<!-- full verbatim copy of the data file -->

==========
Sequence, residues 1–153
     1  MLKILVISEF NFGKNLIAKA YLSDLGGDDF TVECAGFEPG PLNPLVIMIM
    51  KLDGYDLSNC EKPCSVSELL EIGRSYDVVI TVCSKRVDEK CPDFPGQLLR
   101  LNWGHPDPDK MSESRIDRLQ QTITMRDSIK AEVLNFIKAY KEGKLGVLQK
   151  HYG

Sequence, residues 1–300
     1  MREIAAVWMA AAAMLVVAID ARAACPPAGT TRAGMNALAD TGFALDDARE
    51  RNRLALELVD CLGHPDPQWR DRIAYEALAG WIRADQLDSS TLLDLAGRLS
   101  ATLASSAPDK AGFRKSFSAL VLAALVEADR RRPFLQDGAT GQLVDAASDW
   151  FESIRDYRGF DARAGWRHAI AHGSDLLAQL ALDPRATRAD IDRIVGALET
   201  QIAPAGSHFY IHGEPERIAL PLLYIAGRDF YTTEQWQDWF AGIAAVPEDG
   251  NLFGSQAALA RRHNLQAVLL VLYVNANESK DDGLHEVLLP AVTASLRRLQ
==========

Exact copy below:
Sequence, residues 1–153
     1  MLKILVISEF NFGKNLIAKA YLSDLGGDDF TVECAGFEPG PLNPLVIMIM
    51  KLDGYDLSNC EKPCSVSELL EIGRSYDVVI TVCSKRVDEK CPDFPGQLLR
   101  LNWGHPDPDK MSESRIDRLQ QTITMRDSIK AEVLNFIKAY KEGKLGVLQK
   151  HYG

Sequence, residues 1–300
     1  MREIAAVWMA AAAMLVVAID ARAACPPAGT TRAGMNALAD TGFALDDARE
    51  RNRLALELVD CLGHPDPQWR DRIAYEALAG WIRADQLDSS TLLDLAGRLS
   101  ATLASSAPDK AGFRKSFSAL VLAALVEADR RRPFLQDGAT GQLVDAASDW
   151  FESIRDYRGF DARAGWRHAI AHGSDLLAQL ALDPRATRAD IDRIVGALET
   201  QIAPAGSHFY IHGEPERIAL PLLYIAGRDF YTTEQWQDWF AGIAAVPEDG
   251  NLFGSQAALA RRHNLQAVLL VLYVNANESK DDGLHEVLLP AVTASLRRLQ